Good RV Service near Gig Harbor, WA? - Escape Trailer Owners Community

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Old 02-09-2015, 05:26 PM   #1
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Location: Gig Harbor, Washington
Trailer: Escape 21 'Toto'
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Good RV Service near Gig Harbor, WA?

Thanks to other, more alert forum members, I've realized I should have Toto's brakes adjusted now that he's rolled around for a few hundred miles. I'm not the greatest with mechanical things so will have the work done.

So... can anyone in the Kitsap Peninsula or Tacoma areas recommend a good RV service place? There's a Camping World and a couple of RV dealers in/near Tacoma, but I thought I'd seek out a recommendation from any happy campers out there. Thanks!
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Old 02-09-2015, 05:33 PM   #2
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Location: Edmonton, Alberta
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If the work is just adjusting the brakes, you don't specifically need an RV service business, you need a trailer service business. Yes, RV shops work on travel trailers, but there are also lots of places that work on all kinds of trailers (such as cargo, livestock, etc) and would be very familiar with the brakes, even if they don't do general RV work. All of the Escape running gear (axles, suspension, wheels, tires, coupler) are common trailer components used on all sorts of trailers.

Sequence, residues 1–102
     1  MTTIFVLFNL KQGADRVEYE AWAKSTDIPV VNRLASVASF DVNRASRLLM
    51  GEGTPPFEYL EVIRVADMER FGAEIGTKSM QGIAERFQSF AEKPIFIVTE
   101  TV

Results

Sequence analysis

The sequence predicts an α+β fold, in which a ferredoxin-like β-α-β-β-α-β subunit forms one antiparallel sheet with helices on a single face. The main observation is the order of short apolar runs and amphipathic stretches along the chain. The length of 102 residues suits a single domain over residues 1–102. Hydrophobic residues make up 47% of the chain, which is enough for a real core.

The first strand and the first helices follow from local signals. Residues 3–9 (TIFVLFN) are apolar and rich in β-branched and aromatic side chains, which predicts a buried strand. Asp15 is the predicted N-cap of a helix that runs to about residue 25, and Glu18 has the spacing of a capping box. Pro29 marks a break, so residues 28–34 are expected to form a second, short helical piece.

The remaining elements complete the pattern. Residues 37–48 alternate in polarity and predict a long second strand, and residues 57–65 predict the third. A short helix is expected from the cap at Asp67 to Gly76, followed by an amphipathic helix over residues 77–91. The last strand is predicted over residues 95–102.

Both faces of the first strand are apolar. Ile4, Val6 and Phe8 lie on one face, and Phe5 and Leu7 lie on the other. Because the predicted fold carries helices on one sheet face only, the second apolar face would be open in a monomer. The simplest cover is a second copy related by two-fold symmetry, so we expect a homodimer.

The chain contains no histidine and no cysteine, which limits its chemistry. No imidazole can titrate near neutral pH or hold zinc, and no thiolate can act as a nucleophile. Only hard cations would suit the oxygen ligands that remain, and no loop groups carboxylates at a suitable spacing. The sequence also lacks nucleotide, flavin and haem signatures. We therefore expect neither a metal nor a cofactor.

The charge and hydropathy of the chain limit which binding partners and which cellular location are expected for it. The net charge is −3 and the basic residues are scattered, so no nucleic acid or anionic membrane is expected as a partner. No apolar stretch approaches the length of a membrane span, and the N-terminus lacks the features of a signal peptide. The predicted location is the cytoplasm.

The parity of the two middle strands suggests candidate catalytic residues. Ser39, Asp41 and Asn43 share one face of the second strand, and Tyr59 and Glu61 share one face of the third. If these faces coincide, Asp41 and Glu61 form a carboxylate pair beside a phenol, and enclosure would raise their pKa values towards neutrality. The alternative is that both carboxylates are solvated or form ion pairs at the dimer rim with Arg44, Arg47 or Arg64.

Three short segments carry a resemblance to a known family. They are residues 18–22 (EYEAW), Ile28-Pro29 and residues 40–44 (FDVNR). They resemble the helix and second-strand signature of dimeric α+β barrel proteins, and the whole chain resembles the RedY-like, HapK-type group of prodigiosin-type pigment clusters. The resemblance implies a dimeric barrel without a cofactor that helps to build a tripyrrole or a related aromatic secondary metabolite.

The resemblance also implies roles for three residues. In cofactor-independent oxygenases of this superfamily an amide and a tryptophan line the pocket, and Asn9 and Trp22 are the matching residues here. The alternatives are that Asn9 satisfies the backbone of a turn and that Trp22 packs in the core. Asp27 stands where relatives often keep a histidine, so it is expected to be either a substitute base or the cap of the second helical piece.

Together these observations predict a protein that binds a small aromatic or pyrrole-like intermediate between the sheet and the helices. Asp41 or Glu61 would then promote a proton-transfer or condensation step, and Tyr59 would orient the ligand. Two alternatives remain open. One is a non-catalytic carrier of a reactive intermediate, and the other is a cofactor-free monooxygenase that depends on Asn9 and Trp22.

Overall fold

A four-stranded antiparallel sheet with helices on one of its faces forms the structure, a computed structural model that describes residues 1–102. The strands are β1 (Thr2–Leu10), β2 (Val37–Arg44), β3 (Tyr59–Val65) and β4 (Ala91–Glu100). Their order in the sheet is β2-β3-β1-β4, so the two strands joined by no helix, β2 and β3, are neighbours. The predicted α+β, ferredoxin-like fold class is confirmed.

If I were calling business to ask whether they do this sort of work, I would ask if they do brake work on Dexter 3500 pound trailer axles.

As for the vicinity of Gig Harbor... sorry, I don't know anything businesses in that area.
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Old 02-09-2015, 07:36 PM   #3
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Doug, after I packed the bearings (on my former 19) I had Les Schwab adjust the brakes. I just made sure that they were aware of where to place the jack. Drum brakes are universal, no reason to venture to Fife (and all the RV dealers there).
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Old 02-09-2015, 08:06 PM   #4
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Quote:
Originally Posted by RickM View Post
... I had Les Schwab adjust the brakes. I just made sure that they were aware of where to place the jack. Drum brakes are universal...
Sure, it doesn't even really need to be anyone who has seen trailer brakes before for this purpose, but familiarity might aid productivity... and the chance that the work will be done right. If you have a trusted automotive service provider who is not limited to working on one brand (i.e. a new car dealer) - as it appears Les Schwab is for Rick - then they are a good candidate, too.

I guess one caution is that automotive drum brakes are self-adjusting, so an auto mechanic typically won't worry about getting them set very precisely, but standard trailer brakes (without the optional self-adjusting feature) must be manually set.
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